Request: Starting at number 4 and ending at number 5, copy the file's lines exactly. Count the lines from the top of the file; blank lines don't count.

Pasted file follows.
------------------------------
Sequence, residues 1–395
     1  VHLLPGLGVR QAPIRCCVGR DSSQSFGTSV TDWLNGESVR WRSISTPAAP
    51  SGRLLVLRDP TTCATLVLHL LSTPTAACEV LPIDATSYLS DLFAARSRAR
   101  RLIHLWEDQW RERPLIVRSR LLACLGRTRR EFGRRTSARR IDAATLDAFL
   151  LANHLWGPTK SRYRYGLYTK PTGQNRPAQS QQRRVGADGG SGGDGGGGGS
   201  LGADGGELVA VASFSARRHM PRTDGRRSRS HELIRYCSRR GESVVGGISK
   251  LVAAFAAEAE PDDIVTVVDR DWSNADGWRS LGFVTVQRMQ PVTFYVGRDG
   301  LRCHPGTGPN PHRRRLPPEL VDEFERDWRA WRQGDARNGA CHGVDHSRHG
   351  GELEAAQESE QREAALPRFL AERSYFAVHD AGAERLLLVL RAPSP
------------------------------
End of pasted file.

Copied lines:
   101  RLIHLWEDQW RERPLIVRSR LLACLGRTRR EFGRRTSARR IDAATLDAFL
   151  LANHLWGPTK SRYRYGLYTK PTGQNRPAQS QQRRVGADGG SGGDGGGGGS